Execution-Overall, this is a well laid out book.  First, Paizo PLEASE HYPERLINK! Heck, if you send me the PDF a day early and a coupon for a 10 piece of McNuggets, I’ll hyperlink your PDF for you!  This book is hundreds of pages full of new contect, so it’s a monster PDF. A hyperlink makes that not a pain to read and move through. Second, why did you change the layout to match the DnD Essential line for character development?  Do people fondly remember those books as a giant mush table that was hard to read but kind of looked like a broken comma delimited file? DON’T DO THAT! Aside from those major issues, the book isn’t bad. It reads well, and the new layouts for spells and actions look great.  It feels like 4e design layout principles, and if you didn’t love the mechanics of 4e, you have to agree the basic layout was well done. The book could use more art, but then again, it’s free and a playtest, so the fact it’s not 400 pages of word docs means this is way above what can be expected.  I would not buy the leather bound edition of PLAYTEST RULES(!!!) with recycled art, but for a basic softcover or PDF, this works well. 3.75/5

Summary-The kids are alright!  Honestly, if this is the new system as written, I’d be happy.  I like options! If you are an OSR guy/gal, then the number of options here will be a killer.  There will be quick builds, but the point of this version is if you want to do the thing, there is a way to build the thing!  Classes, races, and backgrounds all add to the crunch and fluff mix, and the options you have will help you customize your character to your heart’s content.  The basic math feels good. I like systems where I know how hard a skill will be at each level. It’s much less hand wave-y! The mix of attack, skill, saves, and defense do make life that much easier.  And that is where the rubber will meet the road for you. That is a clear carry over from 4e DnD. I LOVED 4e DnD. It wasn’t the d20 we knew and loved, but it tried. Low level characters could not do high level things.  Your growth as a character mattered much more than your starting abilities. If you think a level 1 dude should be able to hit the Demogorgon in the eye with only slight more difficulty than a level 20 guy, then this won’t be your version of DnD/Pathfinder.  I’m honestly down for the changes! The fluff here is good. It’s WAY more than you should expect for a playtest, but it’s a fun thing that they spent some time on. What NEEDS to change is the layout of classes and abilities. Please take that from 3.5. Give me columns that say what I gain each levels, what level I gain each different feat type at, and how many spells, if any, I can cast per day.  What you have here hurts me. Its text-file vomit that is hard to read. I can do it, but it makes life hard and reading not fun. If Paizo tightens up a few things, retools the class layouts, and builds a bit more theme in to the next book, I’d be down for the leather edition of the real rules! 89%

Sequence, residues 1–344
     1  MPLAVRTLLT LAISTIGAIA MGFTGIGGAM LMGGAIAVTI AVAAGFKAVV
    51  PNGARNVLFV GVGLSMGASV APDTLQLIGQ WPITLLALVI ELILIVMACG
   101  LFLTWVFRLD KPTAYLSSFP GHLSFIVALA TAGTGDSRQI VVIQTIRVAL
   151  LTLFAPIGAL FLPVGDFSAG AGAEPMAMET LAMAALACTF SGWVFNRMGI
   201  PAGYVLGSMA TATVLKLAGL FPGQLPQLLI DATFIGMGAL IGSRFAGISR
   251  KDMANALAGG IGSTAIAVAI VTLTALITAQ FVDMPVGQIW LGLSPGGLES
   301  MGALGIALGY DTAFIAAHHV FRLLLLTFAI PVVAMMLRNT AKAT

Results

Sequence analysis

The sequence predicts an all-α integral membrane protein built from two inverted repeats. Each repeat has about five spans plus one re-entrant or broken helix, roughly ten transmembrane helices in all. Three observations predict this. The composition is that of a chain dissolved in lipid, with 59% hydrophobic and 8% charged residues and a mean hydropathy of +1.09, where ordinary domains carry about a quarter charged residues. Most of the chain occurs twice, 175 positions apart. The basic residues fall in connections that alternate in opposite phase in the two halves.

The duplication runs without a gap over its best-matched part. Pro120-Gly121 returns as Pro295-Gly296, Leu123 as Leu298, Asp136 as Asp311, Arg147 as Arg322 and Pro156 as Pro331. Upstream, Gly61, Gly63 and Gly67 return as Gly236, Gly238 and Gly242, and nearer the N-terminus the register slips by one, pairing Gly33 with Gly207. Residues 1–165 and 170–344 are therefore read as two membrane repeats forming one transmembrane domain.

Ring Side Report-Board Game Review of Duhr: the Lesser Houses

Product-Duhr: the Lesser Houses

Producer– Devious Weasel Games

Price– $25.00 here https://www.miniaturemarket.com/dwe4000.html?utm_source=google&utm_medium=cpc&adpos=1o1&scid=scplpDWE4000&sc_intid=DWE4000&gclid=CjwKCAjwkYDbBRB6EiwAR0T_-hBpzyMP4YvWog65j9suM5TGfDH83ZBpJP8u00fsGxLE0pZEMCN1UBoCfUoQAvD_BwE

Set-up/Play/Clean-up– 45 minutes to 1.5 hours (3-6 players)

Type- American

Depth-Medium

TL; DR-I don’t have to win for you to lose!  91%

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Basics- Why waste knives when words will do.  In Duhr: the Lesser houses, each player plays a minor, lesser house vying for power as the king will advance one, and only one, house to a major house, so it’s time to get dirty!  During set-up each player is dealt a secret goal that targets one or two players. Then, players take turns doing one or two actions. Houses that are favored (their house card upright) can take up to two actions, and disfavored or vilified houses can take only one.  The actions favored and disfavored houses can do are to put a card matching a house’s color onto the house face down, play a scandal face down on any house, discard a card of your color to use your house ability, play an event card, or discard two matching cards to do a masterstroke.  Masterstrokes are how you win the game. These reveal a card on any house, remove a scandal from any house, put scandals from the center on a favored house, or negate ANYTHING! This leads into house standing. When a house gets cards in front of it, it begins to lose reputation as unsavory things about the house come to light.  If a house has five cards in front of it it becomes disfavored. And when a disfavored house has three of the five card in front of it turned face up, it becomes vilified. Disfavored houses can only do one action per turn, have to shuffle their hands, draw two for the turn, and hope those cards let them do something good! After a disfavored house takes its one action, it draws cards, shuffles them with its other cards, draws two of that pile, and plays its next turn with two cards.  You now have less options but some effects can not target you. Vilified houses are hated by all, but they gain some awesome powers. A vilified house flips its house card over to a black and white side so everyone sees your status. Vilified houses no longer have a hand of cards. Villivied houses can just change a card in front of a house to a scandal, flip face up a card on a house, or play a scandal card face down on any favored house.